No matter where you are in the country, the winter brings unique challenges when it comes to professional management of rodents. While temperature plays a big role in rodent behavior and populations, there are other factors to consider as well. Whether it is a new or existing rodent control program, keep in mind the conditions that can affect rodent biology, behavior, and basic needs.
North vs South
In the southern US, it just doesn’t get as cold as it does in the north. Florida is not going to see the sub-zero temperatures of Wyoming. Where it does get freezing cold and snow and ice may be covering the ground, rodents will be looking for that nice warm home to spend the winter. Any type of warm building is an option for house mice, Norway rats, and roof rats…if they can get in.
In areas that won’t see a deep freeze, rodents may be more motivated by food than by a warm shelter. Structures that have open or overflowing trash bins, buildings with cooking odors that are wafting out, and sites with food storage are prone to hungry rodents. Sealing a structure is the best option whether rodents are looking for shelter or sustenance, but traps like the EZ Snap Rat or EZ Snap Mouse traps can be valuable around openings to capture any that try to slink in.
Pro Tip – sealing up structures not only keeps rodents out, it keeps many fall invading insects out too. And it may help save on heating costs.
Urban vs suburban
Urban areas provide more warmth and food supplies throughout the winter so rodents will be more active in these areas. With rodents being more active, it’s important to have bait stations with a constant supply of fresh bait. Using a station like the EZ Secured Rodent Bait Station keeps bait secured (on vertical or horizontal rods) and protected from non-target organisms.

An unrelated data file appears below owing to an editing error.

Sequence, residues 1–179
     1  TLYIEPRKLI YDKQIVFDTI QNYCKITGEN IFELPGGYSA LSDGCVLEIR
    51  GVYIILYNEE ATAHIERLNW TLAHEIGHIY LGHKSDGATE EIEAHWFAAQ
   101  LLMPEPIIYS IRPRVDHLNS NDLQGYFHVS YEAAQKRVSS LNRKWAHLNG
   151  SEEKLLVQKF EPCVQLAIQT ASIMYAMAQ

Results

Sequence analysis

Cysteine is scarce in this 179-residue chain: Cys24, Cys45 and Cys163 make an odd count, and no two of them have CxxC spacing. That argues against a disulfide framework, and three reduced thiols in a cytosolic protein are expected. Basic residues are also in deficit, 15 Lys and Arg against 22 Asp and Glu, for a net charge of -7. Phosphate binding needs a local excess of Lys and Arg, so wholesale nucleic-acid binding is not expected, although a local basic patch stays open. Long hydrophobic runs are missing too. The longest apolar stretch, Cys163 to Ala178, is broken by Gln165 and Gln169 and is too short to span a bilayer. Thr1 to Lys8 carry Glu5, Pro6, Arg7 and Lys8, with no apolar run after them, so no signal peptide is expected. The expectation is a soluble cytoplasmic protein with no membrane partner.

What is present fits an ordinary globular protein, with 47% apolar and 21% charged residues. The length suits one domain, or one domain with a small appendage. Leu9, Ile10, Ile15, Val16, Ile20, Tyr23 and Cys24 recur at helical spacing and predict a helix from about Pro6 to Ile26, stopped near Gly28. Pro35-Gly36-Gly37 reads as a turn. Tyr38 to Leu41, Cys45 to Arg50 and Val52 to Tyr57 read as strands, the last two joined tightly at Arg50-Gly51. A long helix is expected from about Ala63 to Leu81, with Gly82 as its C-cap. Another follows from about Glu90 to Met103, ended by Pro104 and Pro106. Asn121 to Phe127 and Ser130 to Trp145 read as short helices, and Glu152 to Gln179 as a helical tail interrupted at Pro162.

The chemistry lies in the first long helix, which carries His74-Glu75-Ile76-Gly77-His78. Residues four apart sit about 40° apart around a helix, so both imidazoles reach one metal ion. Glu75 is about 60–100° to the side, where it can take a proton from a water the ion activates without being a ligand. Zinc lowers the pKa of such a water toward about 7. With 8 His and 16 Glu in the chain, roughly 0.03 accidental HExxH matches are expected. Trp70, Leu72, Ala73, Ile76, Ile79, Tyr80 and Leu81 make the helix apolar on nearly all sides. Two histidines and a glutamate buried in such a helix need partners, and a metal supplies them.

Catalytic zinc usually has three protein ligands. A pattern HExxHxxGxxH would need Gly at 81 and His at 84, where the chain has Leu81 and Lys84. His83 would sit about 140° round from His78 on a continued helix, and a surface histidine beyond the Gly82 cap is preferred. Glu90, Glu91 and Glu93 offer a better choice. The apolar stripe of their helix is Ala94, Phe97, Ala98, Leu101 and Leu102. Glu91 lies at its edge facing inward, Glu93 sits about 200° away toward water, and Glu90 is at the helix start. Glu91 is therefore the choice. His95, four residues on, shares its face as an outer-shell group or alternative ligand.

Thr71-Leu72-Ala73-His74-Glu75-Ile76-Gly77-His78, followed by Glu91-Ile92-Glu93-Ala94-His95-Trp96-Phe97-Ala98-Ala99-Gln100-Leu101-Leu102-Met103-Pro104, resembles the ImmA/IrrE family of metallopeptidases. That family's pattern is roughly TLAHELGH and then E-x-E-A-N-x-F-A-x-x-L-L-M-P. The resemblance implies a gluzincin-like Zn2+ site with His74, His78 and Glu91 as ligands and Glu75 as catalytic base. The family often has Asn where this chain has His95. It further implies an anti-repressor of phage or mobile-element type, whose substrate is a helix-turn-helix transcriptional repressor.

Suburban areas typically have more space between structures and the food resources are more spread out. Trash isn’t picked up as often, particularly in residential areas. Rodents will be looking for the shortest path from their burrow/nest to a food source: look for the pathways they may be traveling and put traps in their runways. Where rodents have been an issue in either urban or suburban areas, it’s important to reduce sanitation issues so they have less of a food source.
Pro Tip – check garages, both residential and commercial. These areas often have overflow food storage and trash and they lead to main living/working areas.
Wet vs Dry
It’s predicted to be a La Nina winter in the US this year. That means that it is likely to be wetter than average in the Pacific Northwest, northern Rockies, and upper mid-west. The southern half of the US is likely to be drier. So in those “wet” areas, rodents may be flooded out of their normal shelters and looking for dry areas – namely buildings. It may be better to move bait stations inside, or at least to higher and drier areas. Inside, the MBS Mouse Bait Station can be secured in secluded corners and edges while the EZ Secured can fit in tight areas like under shelves.
In the dry areas this winter, rodents may be looking for water. While house mice don’t necessarily need a daily source of water, both the Norway rat and roof rat need water. Water will be found closer to structures, drawing the rodents closer to buildings and people. Irrigation systems, ponds, leaking faucets, and more can be more than enough to support rodent populations.
Pro Tip – look at HVAC systems in both residential and commercial accounts. Not only do these have a running motor that provides warmth, they often have condensation that provides a water source for rodents.
No matter where you are this winter, rodents are there too. Their behavior may change with the season so keep in mind what they may be looking for: food, water, shelter, or all of these. Sanitation and exclusion are important to keep rodent populations low and out of structures. You can freeze out your competition by using the best professional bait stations and traps. For more information on rodents and management techniques, contact us here!